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    I wanted to add also, I think what makes this issue so tricky is that culture is very connected with ideology. A culture is not just about eating certain foods, etc. I mean, obviously, but less obviously, a culture also involves a way of looking at the world. You see it when you learn different languages, for example, the whole structure of thinking can be really different from language to language because the people just see the world in a very particular way. So whether someone has a certain world view because they were born into it and are attached to it or they adopt a view they prefer (as in the case of say, a German who abandons the German culture for something else and like an immigrant is seen as inflexible), you can hardly dictate to people how to think and feel or legislate this. I also find that a culture can be so ingrained in a person that they aren't very aware that there are choices and other ways of doing things that are equally valid because theirs feels so natural. In the worst extreme cases this becomes really xenophobic and nazi-like.
    the shoheen ho of the wind of the west and the lulla lo of the soft sea billow - Alfred Graves

  8. #18
    Lex Parsimoniae Xander's Avatar
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    Quote Originally Posted by Gerbah View Post
    I don't how the recent German discussions about integration are portrayed in England, but I would just like to say that the situation in Germany is kind of complicated and not so obvious. There is a huge Turkish community in Germany because low-class Turkish were brought over by German initiative in the 50s/60s (I think) as cheap labour to rebuild infrastructure and so forth. So when you bring them lots of them over all at the same time, it's no wonder they congregate. And as low-class cheap labour, they're obviously not very educated. This makes the language problem even worse.This is different from, say, the huge Pakistani community in England because they have a long history with the British and learn English to a good level in Pakistan already. I think Germans also feel threatened because immigrants tend to start families earlier, and so have more children, while educated Germans often don't have a first child until their thirties. They study a long time, much longer than in England, so it all starts later. So there are factors on both sides I think.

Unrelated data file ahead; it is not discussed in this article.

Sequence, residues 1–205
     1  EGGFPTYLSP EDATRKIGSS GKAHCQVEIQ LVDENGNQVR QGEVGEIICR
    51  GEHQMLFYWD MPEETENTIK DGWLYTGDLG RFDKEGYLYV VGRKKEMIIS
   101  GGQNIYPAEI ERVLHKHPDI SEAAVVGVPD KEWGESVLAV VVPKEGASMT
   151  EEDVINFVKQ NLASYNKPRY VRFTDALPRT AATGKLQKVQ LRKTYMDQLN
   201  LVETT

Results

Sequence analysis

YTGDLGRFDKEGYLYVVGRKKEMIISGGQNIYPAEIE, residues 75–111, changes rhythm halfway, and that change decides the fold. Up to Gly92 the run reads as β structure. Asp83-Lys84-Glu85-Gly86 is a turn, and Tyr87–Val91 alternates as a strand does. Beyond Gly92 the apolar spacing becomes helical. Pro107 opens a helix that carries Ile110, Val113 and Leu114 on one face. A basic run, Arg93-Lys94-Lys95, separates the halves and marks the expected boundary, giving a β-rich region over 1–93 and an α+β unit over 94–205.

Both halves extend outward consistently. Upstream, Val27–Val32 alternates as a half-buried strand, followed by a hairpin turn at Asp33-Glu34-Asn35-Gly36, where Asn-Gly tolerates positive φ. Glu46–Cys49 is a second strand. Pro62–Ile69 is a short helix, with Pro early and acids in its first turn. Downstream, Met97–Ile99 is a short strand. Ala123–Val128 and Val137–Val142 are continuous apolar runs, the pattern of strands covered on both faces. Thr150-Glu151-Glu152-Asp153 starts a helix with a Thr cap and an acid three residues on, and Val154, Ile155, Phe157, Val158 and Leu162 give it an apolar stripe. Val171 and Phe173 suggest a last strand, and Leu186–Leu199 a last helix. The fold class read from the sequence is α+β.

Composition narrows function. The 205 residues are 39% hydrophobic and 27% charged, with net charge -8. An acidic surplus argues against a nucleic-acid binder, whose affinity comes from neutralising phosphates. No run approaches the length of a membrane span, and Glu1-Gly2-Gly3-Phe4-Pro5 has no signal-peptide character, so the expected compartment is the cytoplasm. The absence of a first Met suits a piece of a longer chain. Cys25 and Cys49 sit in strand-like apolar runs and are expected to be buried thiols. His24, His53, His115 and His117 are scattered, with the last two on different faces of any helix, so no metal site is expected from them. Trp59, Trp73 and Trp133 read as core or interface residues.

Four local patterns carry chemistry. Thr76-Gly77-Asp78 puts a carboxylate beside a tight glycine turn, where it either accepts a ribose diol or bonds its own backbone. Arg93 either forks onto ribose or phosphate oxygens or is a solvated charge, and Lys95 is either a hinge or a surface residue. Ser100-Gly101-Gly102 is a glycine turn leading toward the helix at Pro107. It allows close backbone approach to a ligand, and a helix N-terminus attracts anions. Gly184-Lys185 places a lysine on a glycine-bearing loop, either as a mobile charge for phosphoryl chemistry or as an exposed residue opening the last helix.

I thought the current furore was sparked off by whatisface's comments about Islamics breeding too fast and bringing down the IQ of Germany? Turkish immigrants hadn't registered as a factor to be honest but then I am only going off international news and Spiegel.

    As for the English minorities, it's not so much where they come from that's the problem here. In one area we have a large mix of Hinu and Sikh people in with a "indigenous" lot (probably a mix of Irish and English... difficult to tell with the UKs history of invasion) so out of 3 councillors one part will always try to elect a Hindu or a Sikh... usually one then the other in rotation so to keep the balance. Few seem to spot that there's a whole slew of people there who aren't being represented in this fair scheme of theirs and yet it's that much more difficult to raise as a point without being decried as racist or supporting the regime or some such nonsensical "won't someone think of the children" type comments.